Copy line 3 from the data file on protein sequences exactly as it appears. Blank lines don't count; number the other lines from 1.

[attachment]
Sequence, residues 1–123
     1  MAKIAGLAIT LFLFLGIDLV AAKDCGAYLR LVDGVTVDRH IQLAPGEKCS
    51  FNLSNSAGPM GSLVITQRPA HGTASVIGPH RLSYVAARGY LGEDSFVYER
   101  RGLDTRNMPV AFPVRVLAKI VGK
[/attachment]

    51  FNLSNSAGPM GSLVITQRPA HGTASVIGPH RLSYVAARGY LGEDSFVYER